Little Charlie & the Nightcats
This article needs to be updated.(July 2014)
Little Charlie & the Nightcats was an American electric blues and swing revival combo, active from 1976-2008. Several members reformed as Rick Estrin & The Nightcats.
Little Charlie & the Nightcats
|Origin||Sacramento, California, United States|
|Genres||Electric blues, West Coast blues, jump blues, swing revival|
|Instrument(s)||Guitar, harmonica, bass, drums|
|Past members||Charlie Baty (deceased)|
Jay Peterson (deceased)
Brad Lee Sexton (died 1995)
Ronnie James Weber
Gerald (Jerry) Eddleman
Charles Baty (1953–2020) was studying mathematics at University of California Berkeley when he and Rick Estrin (born 1949) formed Little Charlie & the Nightcats in 1976. Their first album, All the Way Crazy, was issued in 1987. It includes the songs "Poor Tarzan", "Suicide Blues" and "When Girls Do It". The following album, Disturbing the Peace (1988), included "That's My Girl", "My Money's Green", "She's Talking" and "Nervous". They began touring in the United States and internationally. They played at the San Francisco Blues Festival in 1980 and 1982, the Montreal International Jazz Festival, the San Diego Street Scene, Seattle's Bumbershoot Festival and the Juneau Jazz & Classics Festival in 2002.
Their 1993 album, Night Vision, was produced by Joe Louis Walker, who also performed on it. The album included "My Next Ex-Wife," which won a W.C. Handy Award for Song of the Year. The band's drummer, Dobie Strange, was replaced by June Core in 1996.
In early 2008, Baty announced he was entering "soft" retirement and no longer toured with the band, except for reunion tours and shows in Europe and select North American festivals. Baty performed with JW-Jones at the Mont Tremblant Blues Festival, Ottawa Bluesfest, and Piazza Blues in Bellinzona, Switzerland, in July 2009. Estrin continued with the band, which was renamed Rick Estrin & The Nightcats. Baty was replaced on guitar by Chris "Kid" Andersen (born 1980), originally from Telemark, Norway. Andersen had backed Charlie Musselwhite and Terry Hanck, and had fronted his own band.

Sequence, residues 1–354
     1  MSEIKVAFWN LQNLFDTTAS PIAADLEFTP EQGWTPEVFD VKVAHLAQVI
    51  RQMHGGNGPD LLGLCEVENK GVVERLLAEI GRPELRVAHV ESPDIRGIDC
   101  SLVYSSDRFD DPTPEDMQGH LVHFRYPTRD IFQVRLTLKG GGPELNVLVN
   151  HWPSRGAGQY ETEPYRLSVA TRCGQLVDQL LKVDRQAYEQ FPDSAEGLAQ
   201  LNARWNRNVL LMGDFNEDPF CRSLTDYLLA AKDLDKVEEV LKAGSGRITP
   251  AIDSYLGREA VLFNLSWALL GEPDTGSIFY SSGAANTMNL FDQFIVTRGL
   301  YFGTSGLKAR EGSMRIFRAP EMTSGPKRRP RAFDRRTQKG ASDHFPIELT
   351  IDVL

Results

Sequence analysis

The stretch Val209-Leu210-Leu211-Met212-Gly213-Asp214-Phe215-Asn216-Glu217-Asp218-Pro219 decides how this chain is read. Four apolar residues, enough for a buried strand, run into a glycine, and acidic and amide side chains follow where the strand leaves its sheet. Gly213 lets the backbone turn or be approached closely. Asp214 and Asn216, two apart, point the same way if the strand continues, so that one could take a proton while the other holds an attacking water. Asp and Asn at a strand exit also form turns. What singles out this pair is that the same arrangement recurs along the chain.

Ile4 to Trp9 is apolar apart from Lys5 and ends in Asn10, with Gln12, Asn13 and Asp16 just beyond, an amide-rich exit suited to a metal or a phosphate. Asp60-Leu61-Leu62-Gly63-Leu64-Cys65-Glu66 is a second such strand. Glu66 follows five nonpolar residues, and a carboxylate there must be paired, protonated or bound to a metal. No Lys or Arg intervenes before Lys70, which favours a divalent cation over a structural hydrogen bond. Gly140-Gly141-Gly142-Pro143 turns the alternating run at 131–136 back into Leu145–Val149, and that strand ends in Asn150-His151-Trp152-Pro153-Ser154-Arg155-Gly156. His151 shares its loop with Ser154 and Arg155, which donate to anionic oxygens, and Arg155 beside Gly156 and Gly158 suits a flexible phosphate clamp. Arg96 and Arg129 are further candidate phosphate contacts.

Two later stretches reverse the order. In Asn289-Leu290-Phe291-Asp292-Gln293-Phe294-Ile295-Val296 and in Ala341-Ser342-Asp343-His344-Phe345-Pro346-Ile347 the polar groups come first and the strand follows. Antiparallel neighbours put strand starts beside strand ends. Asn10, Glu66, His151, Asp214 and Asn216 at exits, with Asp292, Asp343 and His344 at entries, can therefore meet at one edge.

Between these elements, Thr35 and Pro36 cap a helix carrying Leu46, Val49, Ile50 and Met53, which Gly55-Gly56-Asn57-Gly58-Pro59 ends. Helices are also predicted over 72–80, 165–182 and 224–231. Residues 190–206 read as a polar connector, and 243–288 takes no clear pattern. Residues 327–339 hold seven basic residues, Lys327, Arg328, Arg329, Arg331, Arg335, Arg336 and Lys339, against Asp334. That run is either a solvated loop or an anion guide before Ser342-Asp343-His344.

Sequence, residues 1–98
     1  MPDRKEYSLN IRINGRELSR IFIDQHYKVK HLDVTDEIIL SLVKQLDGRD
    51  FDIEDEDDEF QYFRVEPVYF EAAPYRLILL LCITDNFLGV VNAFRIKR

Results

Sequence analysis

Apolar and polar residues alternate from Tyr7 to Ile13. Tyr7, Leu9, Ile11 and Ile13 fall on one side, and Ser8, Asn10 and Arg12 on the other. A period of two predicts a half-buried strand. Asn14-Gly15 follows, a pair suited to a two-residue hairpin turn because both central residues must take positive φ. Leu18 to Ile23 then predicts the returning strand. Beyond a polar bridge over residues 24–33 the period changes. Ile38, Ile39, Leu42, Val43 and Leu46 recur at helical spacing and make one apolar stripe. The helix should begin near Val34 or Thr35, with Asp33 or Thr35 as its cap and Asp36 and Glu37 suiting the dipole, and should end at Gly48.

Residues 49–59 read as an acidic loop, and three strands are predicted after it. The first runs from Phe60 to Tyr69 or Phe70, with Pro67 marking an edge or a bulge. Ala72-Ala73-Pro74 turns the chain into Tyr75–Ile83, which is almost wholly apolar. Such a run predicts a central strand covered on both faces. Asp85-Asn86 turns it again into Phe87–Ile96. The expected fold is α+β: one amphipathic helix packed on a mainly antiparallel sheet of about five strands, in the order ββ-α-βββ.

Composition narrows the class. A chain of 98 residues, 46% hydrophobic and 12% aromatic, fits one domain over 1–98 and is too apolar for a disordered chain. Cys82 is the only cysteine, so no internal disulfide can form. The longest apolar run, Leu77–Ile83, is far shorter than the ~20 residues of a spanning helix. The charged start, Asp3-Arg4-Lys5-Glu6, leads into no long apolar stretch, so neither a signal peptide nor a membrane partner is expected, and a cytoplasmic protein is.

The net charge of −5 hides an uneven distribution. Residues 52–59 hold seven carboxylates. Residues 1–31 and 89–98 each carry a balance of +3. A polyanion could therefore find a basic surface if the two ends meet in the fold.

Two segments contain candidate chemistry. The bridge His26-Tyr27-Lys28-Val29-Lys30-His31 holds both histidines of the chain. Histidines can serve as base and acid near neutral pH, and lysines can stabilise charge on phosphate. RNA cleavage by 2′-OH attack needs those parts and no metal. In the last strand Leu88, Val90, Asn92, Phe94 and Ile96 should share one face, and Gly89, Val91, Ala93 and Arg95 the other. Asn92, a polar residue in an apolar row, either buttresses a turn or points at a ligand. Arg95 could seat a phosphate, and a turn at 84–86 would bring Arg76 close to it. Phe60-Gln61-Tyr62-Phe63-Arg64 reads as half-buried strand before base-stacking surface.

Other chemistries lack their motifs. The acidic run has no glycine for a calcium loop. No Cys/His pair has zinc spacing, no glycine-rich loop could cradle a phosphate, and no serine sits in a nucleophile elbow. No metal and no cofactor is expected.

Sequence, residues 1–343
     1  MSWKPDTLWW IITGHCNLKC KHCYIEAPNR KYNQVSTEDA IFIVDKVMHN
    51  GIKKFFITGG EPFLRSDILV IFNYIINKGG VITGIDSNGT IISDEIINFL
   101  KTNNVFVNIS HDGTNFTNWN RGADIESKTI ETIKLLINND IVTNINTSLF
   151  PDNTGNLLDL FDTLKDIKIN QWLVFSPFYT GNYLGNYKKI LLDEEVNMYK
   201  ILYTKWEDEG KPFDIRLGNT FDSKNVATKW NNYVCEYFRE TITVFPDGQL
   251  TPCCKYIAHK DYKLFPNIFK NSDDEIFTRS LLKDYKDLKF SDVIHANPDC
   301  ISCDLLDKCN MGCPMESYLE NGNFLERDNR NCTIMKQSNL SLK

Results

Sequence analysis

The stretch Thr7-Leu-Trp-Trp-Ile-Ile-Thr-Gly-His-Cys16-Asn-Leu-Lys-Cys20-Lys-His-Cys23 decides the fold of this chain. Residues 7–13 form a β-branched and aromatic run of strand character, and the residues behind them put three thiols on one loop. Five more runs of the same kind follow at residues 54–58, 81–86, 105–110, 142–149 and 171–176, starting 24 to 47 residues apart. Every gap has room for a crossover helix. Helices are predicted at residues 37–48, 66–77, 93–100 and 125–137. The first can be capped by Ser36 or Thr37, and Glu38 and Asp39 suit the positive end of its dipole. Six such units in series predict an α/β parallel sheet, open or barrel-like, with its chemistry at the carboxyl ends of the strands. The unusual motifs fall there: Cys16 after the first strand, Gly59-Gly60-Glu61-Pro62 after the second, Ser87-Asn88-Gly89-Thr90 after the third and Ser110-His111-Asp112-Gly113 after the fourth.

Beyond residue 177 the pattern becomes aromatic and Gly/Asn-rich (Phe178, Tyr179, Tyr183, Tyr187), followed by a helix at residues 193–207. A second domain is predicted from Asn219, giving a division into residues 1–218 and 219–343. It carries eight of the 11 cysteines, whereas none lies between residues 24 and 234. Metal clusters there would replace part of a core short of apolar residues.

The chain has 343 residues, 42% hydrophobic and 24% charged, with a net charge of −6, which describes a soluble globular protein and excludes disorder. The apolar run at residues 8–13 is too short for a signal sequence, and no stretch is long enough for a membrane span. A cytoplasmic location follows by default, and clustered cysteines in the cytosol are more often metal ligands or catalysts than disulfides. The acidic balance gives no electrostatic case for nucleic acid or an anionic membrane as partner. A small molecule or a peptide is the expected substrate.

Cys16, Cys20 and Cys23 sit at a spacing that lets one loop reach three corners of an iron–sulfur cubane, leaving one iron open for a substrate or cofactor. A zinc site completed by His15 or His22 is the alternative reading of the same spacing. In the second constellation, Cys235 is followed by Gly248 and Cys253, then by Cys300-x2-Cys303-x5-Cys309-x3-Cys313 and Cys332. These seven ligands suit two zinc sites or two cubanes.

Baty's most recent blues recording was as a guest on JW-Jones's Bluelisted (2008), an album which marked the first time in his career that he documented his harmonica playing on a recording and the first time he and another West Coast blues musician, Junior Watson, had recorded together on the same tracks.
In 2013, Estrin was nominated for a Blues Music Award in the category B.B. King Entertainer. He was nominated again in 2014 for the same award, and the ensemble was nominated for Band of the Year.
Charlie Baty died on March 6, 2020, aged 66, in Vacaville, California following a heart attack.
|1987||All the Way Crazy||Jazz, blues||Alligator Records|
|1988||Disturbing the Peace||Jazz, blues||Alligator Records|
|1989||The Big Break||Jazz, blues||Alligator Records|
|1991||Captured Live||Jazz, blues||Alligator Records|
|1993||Night Vision||Jazz, blues||Alligator Records|
|1995||Straight Up!||Jazz, blues||Alligator Records|
|1997||Deluxe Edition (compilation)||Jazz, blues||Alligator Records|
|1998||Shadow of the Blues||Jazz, blues||Alligator Records|
|2002||That's Big!||Jazz, blues||Alligator Records|
|2005||Nine Lives||Jazz, blues||Alligator Records|
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- ^ "Lifelines; Deaths; Brad Lee Sexton, 47". Billboard. July 29, 1995. p. 95.
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